Back in August, I highlighted the fact that the Central Bank were misleading people about interest rates and that our rates were not just a bit above the Eurozone, but a full 2% above the Eurozone average. As far as I know, no banks had reduced rates up to then. A group of us has highlighted this fleecing by the banks. There was absolutely no evidence before this, that the banks were considering reducing their rates.

5. Other countries have favourable taxation treatment on mortgage funding, in Ireland we don’t.

Richie Boucher suggested that German banks had favourable treatment of mortgage funding. This may be true, but I was not able to confirm it one way or the other. So it might justify lower rates in some countries, but if such favourable treatment exists, it does not exist in all countries.

6. Our deposit rates are off the chart (compared to Europe).

They are not at all. I have done a separate thread on the issue here:

"Mortgage rates are much higher in Ireland because deposit rates are much higher"


7. No new banks have come here… If we have such desirable rates which grant windfall gains why are retail banks not falling over themselves to lend here?


This is a really big question. They are certainly put off by the regulatory regime in Ireland. The CCMA is very expensive. As you point out, mortgage lending is effectively non recourse. But it does not explain why a foreign lender does not set up here and cherry pick 70% LTV loans. The higher risk of lending in Ireland should not affect the price of these loans.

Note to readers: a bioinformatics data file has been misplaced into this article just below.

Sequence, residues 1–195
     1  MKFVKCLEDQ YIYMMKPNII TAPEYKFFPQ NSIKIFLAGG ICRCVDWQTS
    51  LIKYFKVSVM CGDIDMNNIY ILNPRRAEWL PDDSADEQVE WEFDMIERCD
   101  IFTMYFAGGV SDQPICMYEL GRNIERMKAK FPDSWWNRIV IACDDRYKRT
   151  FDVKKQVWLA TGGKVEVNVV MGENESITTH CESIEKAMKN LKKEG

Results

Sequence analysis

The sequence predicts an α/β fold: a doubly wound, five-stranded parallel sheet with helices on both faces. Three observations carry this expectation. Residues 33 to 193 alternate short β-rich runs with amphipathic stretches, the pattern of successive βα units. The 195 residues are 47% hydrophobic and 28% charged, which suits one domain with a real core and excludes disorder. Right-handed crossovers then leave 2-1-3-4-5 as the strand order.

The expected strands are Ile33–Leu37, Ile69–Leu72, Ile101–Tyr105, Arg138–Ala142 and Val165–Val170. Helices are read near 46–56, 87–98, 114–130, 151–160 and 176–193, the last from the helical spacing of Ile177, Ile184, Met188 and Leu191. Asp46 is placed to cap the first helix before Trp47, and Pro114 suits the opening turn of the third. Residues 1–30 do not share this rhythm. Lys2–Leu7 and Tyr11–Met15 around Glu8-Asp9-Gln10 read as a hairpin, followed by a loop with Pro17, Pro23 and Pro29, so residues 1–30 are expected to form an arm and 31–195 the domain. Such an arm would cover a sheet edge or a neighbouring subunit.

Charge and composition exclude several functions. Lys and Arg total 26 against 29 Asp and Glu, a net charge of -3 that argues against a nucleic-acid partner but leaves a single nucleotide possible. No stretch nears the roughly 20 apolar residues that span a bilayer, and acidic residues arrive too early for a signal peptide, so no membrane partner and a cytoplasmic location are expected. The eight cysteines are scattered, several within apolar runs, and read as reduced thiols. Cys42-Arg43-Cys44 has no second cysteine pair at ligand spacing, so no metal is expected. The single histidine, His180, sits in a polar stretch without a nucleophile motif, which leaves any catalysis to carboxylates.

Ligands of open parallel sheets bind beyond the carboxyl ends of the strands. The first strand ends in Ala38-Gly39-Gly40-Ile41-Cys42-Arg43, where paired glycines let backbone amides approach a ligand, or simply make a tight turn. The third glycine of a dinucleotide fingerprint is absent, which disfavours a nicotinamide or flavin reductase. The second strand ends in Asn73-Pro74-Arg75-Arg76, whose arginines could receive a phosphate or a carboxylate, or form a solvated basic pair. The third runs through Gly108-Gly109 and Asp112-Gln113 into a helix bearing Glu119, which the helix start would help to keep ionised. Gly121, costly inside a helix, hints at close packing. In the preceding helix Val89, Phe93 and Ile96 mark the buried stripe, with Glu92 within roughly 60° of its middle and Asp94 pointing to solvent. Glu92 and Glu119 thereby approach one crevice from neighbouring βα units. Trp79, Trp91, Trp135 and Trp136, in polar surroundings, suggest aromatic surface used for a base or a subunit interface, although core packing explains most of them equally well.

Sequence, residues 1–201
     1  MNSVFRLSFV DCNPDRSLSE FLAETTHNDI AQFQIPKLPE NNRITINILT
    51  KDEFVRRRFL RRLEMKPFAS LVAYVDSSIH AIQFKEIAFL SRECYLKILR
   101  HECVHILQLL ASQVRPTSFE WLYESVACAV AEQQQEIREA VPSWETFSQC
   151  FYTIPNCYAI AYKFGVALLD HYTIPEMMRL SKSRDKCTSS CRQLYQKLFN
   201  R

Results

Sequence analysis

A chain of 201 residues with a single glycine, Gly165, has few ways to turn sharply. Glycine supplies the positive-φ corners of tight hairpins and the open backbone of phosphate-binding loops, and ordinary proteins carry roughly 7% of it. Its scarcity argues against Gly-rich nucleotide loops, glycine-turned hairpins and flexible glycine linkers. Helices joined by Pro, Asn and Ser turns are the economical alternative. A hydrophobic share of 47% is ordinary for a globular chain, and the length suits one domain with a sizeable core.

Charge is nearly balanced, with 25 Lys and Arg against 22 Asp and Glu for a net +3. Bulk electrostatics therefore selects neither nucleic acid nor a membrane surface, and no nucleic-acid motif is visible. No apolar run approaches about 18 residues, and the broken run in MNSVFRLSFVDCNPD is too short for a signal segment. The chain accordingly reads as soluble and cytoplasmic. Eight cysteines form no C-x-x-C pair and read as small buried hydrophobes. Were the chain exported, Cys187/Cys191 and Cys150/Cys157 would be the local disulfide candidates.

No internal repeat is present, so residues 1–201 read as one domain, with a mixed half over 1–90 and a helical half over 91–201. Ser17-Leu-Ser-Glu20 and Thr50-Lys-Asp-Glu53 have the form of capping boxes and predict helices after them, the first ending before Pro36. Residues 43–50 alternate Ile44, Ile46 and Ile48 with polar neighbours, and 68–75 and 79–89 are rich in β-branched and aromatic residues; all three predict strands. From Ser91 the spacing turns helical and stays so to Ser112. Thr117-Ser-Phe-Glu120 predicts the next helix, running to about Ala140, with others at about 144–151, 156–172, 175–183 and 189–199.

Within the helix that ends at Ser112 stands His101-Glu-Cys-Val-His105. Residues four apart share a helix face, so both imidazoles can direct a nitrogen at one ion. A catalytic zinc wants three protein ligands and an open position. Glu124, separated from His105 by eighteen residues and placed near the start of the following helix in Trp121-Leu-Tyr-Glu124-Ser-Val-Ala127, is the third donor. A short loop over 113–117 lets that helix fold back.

I think the main reason is that most lenders have retrenched to their own countries and are not looking to lend outside them. I would hope that, in time, a foreign lender will see how profitable the Irish market is.

8. Other countries don’t have 50% of their mortgage book on trackers,

This argument has no validity. Say my local convenience store agrees a contract with 50% of its customers to provide them with their needs at less than cost price for the next 20 years. To compensate for this, they charge new customers twice the market price. If the shop owner argues that his "blended margin is average", well new customers will just take their business elsewhere.


Final point
The ultimate issue in this debate is that we are comparing apples to oranges. The rates in Europe are not related to the rates in Ireland any more than they are to the rates in Turkey because we don’t have a common market (unlike much of the USA) and within the EMU there is too much local variation to allow reasonable comparison.